Moss covers old growth trees along Auke Lake on Thursday, Nov. 29, 2018. (Michael Penn | Juneau Empire File)

Moss covers old growth trees along Auke Lake on Thursday, Nov. 29, 2018. (Michael Penn | Juneau Empire File)

Review must be site-specific.

Forest Service environmental review process was insufficient, court says

A federal court ruled against a proposed timber sale on Prince of Wales Island, saying the U.S. Forest Service had failed to meet the review standards for the sale set but the National Environmental Protection Act.

Plaintiffs in the case argued the Forest Service failed to do the site-specific analysis required by NEPA in their Environmental Impact Statement. An Alaska District Court Judge Sharon Gleason agreed.

“NEPA requires that environmental analysis be specific enough to ensure informed decision making and meaningful public participation,” Gleason wrote in her opinion. “The Project EIS’s omission of the actual location of proposed timber harvest and road construction within the Project Area falls short of that mandate.”

The Forest Service’s sale used what they called “activity cards” for the different parcels that would eventually be auctioned. Those cards gave details on the various activities that could take place on a particular parcel. But those cards did not identify the exact areas which would be impacted, plaintiffs argued, and thus the Forest Service’s review of potential impacts was insufficient.

[Prince of Wales timber sale goes to court]

Plaintiffs in the case were Juneau-based environmental group Southeast Alaska Conservation Council who were represented by lawyers from environmentally focused nonprofit law firm Earthjustice.

At a Feb. 7, hearing in the Robert Boochever U.S. Courthouse at the Hurff Ackerman Saunders Federal Building in downtown Juneau, Earthjustice lawyer Tom Waldo argued the use of activity cards was both insufficient and would create and dangerous precedent for environmental review.

“The EIS doesn’t disclose the location of any timber sale or any roads to be logged over the next 15 years on Prince of Wales Island, and that is completely inadequate for an EIS. No court has ever upheld an EIS with so little detail,” Waldo told reporters following the hearing.

Erika Norman, trial attorney with the U.S. Department of Justice representing the Forest Service argued the review process for the activity cards was thorough and rigorous.

“The Forest Service has analyzed the overall plan for the project, they have analyzed every logging scenario that could be implemented,” Norman said.

But the court disagreed.

“The Forest Service contends that the EIS provides the specificity required by NEPA because it identifies potential areas of harvest within the project area,” Gleason wrote. “Here, the Project EIS does not identify individual harvest units; by only identifying broad areas within which harvest may occur, it does not fully explain to the public how or where actual timber activities will affect localized habitats.”

SEACC had argued the activity cards had circumvented public input by not designating exactly where timber harvest would take place. In a statement, SEACC Executive Director Meredith Trainor said the process should not be a “guessing game.”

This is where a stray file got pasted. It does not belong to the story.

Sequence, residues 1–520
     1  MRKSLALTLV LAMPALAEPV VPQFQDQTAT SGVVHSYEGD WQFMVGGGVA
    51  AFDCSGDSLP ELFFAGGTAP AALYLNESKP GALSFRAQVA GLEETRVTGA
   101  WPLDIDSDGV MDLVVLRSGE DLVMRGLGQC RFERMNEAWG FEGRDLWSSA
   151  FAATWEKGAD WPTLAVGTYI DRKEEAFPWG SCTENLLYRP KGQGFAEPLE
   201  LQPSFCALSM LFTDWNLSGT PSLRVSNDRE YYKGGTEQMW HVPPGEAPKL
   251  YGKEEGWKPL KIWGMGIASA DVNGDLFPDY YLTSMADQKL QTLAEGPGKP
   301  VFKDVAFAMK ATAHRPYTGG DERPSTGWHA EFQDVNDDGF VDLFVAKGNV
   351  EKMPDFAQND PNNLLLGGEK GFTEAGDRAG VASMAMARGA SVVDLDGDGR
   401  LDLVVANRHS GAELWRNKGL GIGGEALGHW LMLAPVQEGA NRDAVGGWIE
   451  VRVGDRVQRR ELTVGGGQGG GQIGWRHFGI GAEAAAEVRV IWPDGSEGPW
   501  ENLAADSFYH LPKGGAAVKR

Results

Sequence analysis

“Today’s court decision upholds the rights of Southeast Alaskans to weigh in on where logging happens not once our lands are changed forever,” she said.

Paul Robbins, Forest Service public affairs officer for the Tongass National Forest declined to comment as the litigation was still ongoing.

The U.S. Department of Agriculture, which oversees the Forest Service, did not immediately respond to request for comment.

• Contact reporter Peter Segall at 523-2228 or

More in News

The author managed to take a grouse despite being deep in thought for a good half hour of his deer hunt. He made jalapeno poppers that night.
Internal dialogue of a hunter (Jeff Lund / For the Juneau Empire)
I Went to the Woods: The internal dialogue of a hunter

There is always something that comes to mind when I am outside.

Courtesy Photo / Molly Pressler Collection
Japanese-Americans interned in Alaska in World War II are shown in this photo at a camp in New Mexico where they endured the majority of the war.
Research into interned Japanese-Americans in Alaska receives grant support

104 Japanese-Americans were interned from Alaska at the outset of WWII.

It's a police car until you look closely and see the details don't quite match. (Juneau Empire File / Michael Penn)
Police calls for Sunday, Sept. 19, 2021

This report contains public information available to the Empire from law enforcement… Continue reading

It's a police car until you look closely and see the details don't quite match. (Juneau Empire File / Michael Penn)
Police calls for Friday, Sept. 17, 2021

This report contains public information from law enforcement and public safety agencies.

This undated electron microscope image made available by the U.S. National Institutes of Health in February 2020 shows the Novel Coronavirus SARS-CoV-2, yellow, emerging from the surface of cells, blue/pink, cultured in the lab. Also known as 2019-nCoV, the virus causes COVID-19. THE CANADIAN PRESS/AP, NIAID-RML
COVID at a glance for Thursday, Sept. 16

The most recent state and local figures

The Juneau Police Department is seeking more information on a handful of crimes that occurred in Juneau in August. (Michael Penn / Juneau Empire File)
Police seeking information on recent crimes in Juneau

The police need more information if the investigations are to proceed.

The Baby Raven Reads-published book Shanyaak’utlaax̱ – Salmon Boy will represent Alaska at the 2021 National Book Festival, held by the Library of Congress. (Courtesy art / Sealaska Heritage Institute)
Baby Raven Reads book is Alaska’s selection for National Book Festival

It’s the first time a book from the early literacy program has been selected.

Most Read